When I moved to my mostly affluent suburban community I was told not to leave outgoing mail in the mailbox because it often gets stolen. The raised flag gives the bad guys a heads-up that there is likely a check in the mailbox.
posted by Dragonness at 8:36 AM on July 22


If there's a package, it depends - either the postie puts a ticket in your box telling you there's a package and you have to go get it from the post office on your own time, or they leave it in your lobby (fortunately my building is small and I know and trust all my neighbors, so this is an okay option for me).

They might also have a package locker - a larger locker that has its own key. The postal worker takes the key out of the locker, puts your package in, then places the key in your mailbox. When you get your mail, you then use the key to retrieve your package, then leave the key in the locker to be used again.
posted by NoxAeternum at 8:51 AM on July 22 [3 favorites]


When I moved to my mostly affluent suburban community I was told not to leave outgoing mail in the mailbox because it often gets stolen. The raised flag gives the bad guys a heads-up that there is likely a check in the mailbox.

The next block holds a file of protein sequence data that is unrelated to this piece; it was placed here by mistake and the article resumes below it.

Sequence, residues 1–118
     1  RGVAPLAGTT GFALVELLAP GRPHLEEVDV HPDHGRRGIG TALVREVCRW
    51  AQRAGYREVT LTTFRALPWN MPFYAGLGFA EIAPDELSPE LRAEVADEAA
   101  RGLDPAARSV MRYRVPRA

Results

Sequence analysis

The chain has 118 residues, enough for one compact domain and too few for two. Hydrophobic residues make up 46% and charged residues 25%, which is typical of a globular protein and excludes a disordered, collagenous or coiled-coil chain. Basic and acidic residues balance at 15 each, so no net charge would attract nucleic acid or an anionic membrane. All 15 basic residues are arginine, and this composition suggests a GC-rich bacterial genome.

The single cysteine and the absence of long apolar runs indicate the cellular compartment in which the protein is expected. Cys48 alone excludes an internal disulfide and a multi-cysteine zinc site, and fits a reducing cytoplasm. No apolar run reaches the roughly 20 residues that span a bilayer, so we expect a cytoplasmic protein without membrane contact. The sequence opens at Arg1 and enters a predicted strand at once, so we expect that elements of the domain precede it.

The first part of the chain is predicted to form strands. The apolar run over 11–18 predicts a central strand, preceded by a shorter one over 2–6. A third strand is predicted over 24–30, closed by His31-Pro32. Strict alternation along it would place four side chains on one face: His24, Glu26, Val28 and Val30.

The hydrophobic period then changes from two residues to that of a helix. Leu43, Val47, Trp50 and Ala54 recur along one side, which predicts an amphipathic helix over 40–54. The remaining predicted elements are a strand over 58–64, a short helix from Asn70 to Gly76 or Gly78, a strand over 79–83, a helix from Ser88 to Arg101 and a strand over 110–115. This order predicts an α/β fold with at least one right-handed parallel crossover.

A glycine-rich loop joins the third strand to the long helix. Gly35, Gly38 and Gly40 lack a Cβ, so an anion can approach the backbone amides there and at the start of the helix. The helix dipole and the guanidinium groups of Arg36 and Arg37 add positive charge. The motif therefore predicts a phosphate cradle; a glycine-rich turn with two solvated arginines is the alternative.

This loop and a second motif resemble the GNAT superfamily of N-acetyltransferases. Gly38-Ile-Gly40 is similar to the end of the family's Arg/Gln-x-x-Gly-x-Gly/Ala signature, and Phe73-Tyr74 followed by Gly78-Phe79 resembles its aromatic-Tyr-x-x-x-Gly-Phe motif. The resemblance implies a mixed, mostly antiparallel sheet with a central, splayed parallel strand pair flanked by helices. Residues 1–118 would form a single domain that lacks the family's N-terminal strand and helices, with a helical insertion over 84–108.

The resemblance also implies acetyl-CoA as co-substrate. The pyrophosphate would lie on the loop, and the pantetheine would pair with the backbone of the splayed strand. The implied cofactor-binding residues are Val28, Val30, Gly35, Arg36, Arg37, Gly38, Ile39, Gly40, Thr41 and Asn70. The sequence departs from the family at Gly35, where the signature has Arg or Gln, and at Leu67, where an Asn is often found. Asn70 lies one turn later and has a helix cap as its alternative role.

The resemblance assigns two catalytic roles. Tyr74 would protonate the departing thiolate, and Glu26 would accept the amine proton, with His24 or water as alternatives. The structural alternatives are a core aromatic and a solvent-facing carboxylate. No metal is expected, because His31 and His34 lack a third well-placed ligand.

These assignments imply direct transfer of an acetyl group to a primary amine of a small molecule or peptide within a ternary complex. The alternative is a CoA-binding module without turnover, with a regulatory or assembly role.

I've been told that too. I'm sure it has happened to some people sometimes, but it's never yet happened to me. OTOH we tend to drop mail with checks in it in the blue US Mail box rather than leave it in our own box.
posted by yoink at 8:59 AM on July 22


"Postie." Usin' it the rest of the way.
posted by stupidsexyFlanders at 9:00 AM on July 22


>we tend to drop mail with checks in it in the blue US Mail box rather than leave it in our own box.

Problem is, when mail is stolen it's stolen indiscriminately - they can't tell what envelope contains a check, so they grab everything inside. Someone I know had outgoing kid birthday invitations swiped from their mailbox and then found them thrown by the side of the road a little ways away.
posted by Dragonness at 9:58 AM on July 22


When I moved to my mostly affluent suburban community I was told not to leave outgoing mail in the mailbox because it often gets stolen. The raised flag gives the bad guys a heads-up that there is likely a check in the mailbox.